Happy Black History Month

I know, that the shortest month of the year is devoted to honoring black Americans is a disgrace, but being that it is Black History Month, I wanted to share some of the awesome work by faculty from Fordham’s African American History department:


The archive, made available through the Department of African and African-American Studies and Fordham Libraries, consists of downloadable audio files and verbatim transcripts of interviews conducted by researchers from 2002 to 2013.


  • It wasn’t enough for Aimee Cox, Ph.D., to volunteer at a homeless shelter in Detroit, where she took notes for her research on how teenage girls there were coping with a broken system.

Cox, an assistant professor African and African American studies, ended up becoming the shelter’s director while she was still working on her doctorate at the University of Michigan.

Her shelter experiences are now documented in Shapeshifters: Black Girls and the Choreography of Citizenship (2015, Duke University Press).

Watch a clip of Dr. Cox on the Melissa Harris-Perry show on MSNBC here.

Greer prinicpal lady.jpg

  • Christina Greer‘s research and teaching focus on American politics, black ethnic politics, urban politics, immigration, quantitative methods, Congress, city and state politics, campaigns and elections, and public opinion.

Dr. Greer was named to City & State’s Class of 2014 “40 Under 40 Rising Stars” list. Her book, Black Ethnics: Race, Immigration, and the Pursuit of the American Dream (Oxford, 2013), was awarded the National Conference of Black Political Scientists’ 2014 W.E.B. Du Bois Distinguished Book Award, and her next book will recount the history of African-Americans running for president.

View video of Dr. Greer’s appearance on MSNBC’s Melissa Harris-Perry Show talking national politics, race, and voter identification cards.



Second presidential debate at The Apollo

A not-so-great cell phone pic of Christina Greer moderating the debate discussion at The Apollo.

I got to watch the second presidential debate at the world famous Apollo Theater in Harlem tonight. It was my first time there.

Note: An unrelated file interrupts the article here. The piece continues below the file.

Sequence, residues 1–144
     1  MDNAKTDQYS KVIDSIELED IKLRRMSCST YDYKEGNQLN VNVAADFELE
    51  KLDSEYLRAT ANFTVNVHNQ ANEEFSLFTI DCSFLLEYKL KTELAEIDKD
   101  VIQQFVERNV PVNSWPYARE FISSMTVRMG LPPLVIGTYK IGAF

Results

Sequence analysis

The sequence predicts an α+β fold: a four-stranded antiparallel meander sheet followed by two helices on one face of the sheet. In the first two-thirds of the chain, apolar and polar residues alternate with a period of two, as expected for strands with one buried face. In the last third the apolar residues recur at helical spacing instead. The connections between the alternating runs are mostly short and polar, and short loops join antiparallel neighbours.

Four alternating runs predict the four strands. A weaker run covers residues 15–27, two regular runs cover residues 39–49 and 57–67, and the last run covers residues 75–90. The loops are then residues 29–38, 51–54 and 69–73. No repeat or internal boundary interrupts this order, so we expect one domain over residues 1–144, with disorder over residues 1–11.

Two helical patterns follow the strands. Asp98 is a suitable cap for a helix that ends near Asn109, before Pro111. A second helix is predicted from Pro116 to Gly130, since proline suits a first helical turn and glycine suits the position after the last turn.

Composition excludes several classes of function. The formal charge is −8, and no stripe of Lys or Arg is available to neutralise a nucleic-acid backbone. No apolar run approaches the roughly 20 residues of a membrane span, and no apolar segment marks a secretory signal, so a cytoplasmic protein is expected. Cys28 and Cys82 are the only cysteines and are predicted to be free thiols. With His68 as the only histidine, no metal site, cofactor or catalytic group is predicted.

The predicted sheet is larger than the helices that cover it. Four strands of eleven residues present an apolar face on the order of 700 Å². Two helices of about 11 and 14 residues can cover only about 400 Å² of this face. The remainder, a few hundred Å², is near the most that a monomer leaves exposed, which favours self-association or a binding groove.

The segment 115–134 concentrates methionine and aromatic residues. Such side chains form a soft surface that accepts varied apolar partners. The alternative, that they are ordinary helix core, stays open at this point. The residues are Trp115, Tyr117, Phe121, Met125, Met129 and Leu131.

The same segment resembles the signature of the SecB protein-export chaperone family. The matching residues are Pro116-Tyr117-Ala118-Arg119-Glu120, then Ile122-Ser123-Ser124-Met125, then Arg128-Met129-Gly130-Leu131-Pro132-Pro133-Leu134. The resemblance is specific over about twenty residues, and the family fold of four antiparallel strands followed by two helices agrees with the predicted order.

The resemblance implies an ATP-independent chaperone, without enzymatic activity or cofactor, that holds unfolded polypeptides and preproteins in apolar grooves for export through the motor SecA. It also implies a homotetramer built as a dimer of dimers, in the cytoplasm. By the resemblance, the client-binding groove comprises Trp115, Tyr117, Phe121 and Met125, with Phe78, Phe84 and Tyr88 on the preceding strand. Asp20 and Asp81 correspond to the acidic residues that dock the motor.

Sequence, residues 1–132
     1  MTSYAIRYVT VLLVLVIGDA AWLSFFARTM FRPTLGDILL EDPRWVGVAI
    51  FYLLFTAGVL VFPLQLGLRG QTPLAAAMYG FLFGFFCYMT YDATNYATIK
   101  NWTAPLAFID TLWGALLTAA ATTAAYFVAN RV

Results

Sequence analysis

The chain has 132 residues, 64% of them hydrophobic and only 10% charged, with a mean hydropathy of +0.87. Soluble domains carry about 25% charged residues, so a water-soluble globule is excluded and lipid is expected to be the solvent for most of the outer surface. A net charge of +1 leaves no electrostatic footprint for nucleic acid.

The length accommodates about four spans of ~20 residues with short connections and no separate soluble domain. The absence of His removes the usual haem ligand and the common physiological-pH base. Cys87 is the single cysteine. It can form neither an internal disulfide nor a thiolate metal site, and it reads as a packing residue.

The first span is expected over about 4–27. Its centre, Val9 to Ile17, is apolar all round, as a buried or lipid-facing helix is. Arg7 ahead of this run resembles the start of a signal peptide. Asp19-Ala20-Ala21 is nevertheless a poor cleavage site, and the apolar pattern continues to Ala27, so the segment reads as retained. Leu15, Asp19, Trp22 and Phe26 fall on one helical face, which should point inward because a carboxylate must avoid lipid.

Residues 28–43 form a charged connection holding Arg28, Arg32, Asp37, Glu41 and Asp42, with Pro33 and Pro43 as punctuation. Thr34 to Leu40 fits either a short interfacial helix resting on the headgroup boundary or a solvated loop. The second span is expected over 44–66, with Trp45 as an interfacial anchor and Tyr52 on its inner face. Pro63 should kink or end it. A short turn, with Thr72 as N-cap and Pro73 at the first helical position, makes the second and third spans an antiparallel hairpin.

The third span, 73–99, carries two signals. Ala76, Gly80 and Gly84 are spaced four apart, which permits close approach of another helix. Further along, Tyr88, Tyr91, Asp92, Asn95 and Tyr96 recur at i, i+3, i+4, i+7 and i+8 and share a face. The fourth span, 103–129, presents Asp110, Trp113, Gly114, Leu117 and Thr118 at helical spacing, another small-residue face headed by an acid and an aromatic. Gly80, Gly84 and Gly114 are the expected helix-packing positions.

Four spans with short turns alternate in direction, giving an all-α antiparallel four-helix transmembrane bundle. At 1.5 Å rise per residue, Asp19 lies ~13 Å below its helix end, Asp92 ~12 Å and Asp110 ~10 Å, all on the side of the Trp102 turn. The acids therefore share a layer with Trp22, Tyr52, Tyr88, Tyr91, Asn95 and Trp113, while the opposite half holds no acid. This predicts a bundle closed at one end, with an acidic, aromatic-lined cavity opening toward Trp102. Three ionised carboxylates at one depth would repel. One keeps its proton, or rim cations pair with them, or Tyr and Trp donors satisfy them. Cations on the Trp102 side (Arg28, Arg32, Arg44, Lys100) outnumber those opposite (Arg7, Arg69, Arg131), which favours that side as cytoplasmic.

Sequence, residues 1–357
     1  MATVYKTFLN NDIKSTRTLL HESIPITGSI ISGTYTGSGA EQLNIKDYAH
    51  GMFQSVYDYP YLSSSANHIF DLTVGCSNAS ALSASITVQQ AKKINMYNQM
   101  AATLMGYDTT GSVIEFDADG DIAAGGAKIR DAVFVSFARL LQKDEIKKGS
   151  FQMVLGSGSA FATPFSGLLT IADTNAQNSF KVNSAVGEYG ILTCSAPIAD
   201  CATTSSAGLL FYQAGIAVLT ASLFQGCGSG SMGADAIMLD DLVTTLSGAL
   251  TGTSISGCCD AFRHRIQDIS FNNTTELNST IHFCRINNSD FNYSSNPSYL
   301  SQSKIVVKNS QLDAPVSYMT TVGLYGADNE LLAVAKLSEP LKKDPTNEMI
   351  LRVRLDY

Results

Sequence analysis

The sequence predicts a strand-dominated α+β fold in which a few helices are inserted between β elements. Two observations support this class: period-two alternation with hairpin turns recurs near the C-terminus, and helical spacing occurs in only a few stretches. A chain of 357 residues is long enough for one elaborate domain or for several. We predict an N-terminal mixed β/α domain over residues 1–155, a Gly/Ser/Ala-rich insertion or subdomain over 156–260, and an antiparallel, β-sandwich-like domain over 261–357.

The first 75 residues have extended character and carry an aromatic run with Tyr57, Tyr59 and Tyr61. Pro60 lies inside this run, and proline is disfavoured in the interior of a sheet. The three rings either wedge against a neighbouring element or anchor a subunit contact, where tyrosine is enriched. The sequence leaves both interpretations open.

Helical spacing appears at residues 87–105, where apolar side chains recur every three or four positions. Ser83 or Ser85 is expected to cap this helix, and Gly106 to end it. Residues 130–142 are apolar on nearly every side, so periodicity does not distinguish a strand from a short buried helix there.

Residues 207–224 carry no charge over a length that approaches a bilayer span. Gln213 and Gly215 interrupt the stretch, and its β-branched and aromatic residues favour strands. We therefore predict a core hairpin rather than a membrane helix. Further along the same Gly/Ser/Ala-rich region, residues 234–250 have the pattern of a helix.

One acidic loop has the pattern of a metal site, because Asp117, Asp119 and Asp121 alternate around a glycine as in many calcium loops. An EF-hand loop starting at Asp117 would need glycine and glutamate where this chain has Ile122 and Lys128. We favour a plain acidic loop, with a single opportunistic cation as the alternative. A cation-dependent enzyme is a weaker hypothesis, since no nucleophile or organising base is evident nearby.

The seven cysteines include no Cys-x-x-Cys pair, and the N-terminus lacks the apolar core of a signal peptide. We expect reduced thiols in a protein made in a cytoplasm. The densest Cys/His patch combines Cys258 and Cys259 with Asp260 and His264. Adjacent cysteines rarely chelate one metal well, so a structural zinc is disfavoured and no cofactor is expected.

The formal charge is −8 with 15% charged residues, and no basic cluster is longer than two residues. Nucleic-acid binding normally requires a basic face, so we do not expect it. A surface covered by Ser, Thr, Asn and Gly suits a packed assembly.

It’s a lot smaller than it looks on television, but it’s a sight to be seen. Especially the outdoor sign. It’s so bright!

One of Fordham’s political science professors, Christina Greer, was asked to moderate a panel discussion before and after the debate. The panel included Esther Armah (WBAI-FM), Herb Boyd (The New York Amsterdam News), Michael Brendan Dougherty (The American Conservative), Mark Riley (WWRL 1600 AM), William Tucker [The American Spectator], and Armstrong Williams (SiriusXM’s The Power).

My colleague Janet will blog about the discussion, which touched on several topics, but a comment by Dougherty of The American Conservative stayed with me. When asked what will the candidates NOT talk about tonight, he predicted they’d avoid: the unemployment of black males; the war on drugs, which leads to the incarceration of an overwhelming amount of black males; the use of drones, civil liberties and guns.

Well, he was wrong on guns, since it came up in a town hall question. Too bad neither candidate came up with a real solution or promised to get real “tough” on guns since we know there are a lot of people in this country who would lose their minds if you dared threaten the 2nd Amendment or the gun industry.

But, Dougherty was dead on about all the other things he predicted they’d avoid. Yet I am not surprised.

I’ll admit it–I’m a pessimist (let’s all be thankful I’m not a politician running the country). But I just can’t see ALL or even most of America demanding that the unemployment or incarceration of black males come up at the dinner table, let alone in a national discussion.

And did you notice none of tonight’s questions directly dealt with the poor or the disabled? Many people jumped on Mitt Romney for his 47% comment. But sometimes I wonder why most of us–the middle class that is so often mentioned in campaign stump speeches and debates–go right along ignoring issues that are not personally affecting us. (And are they not affecting us in the long run?)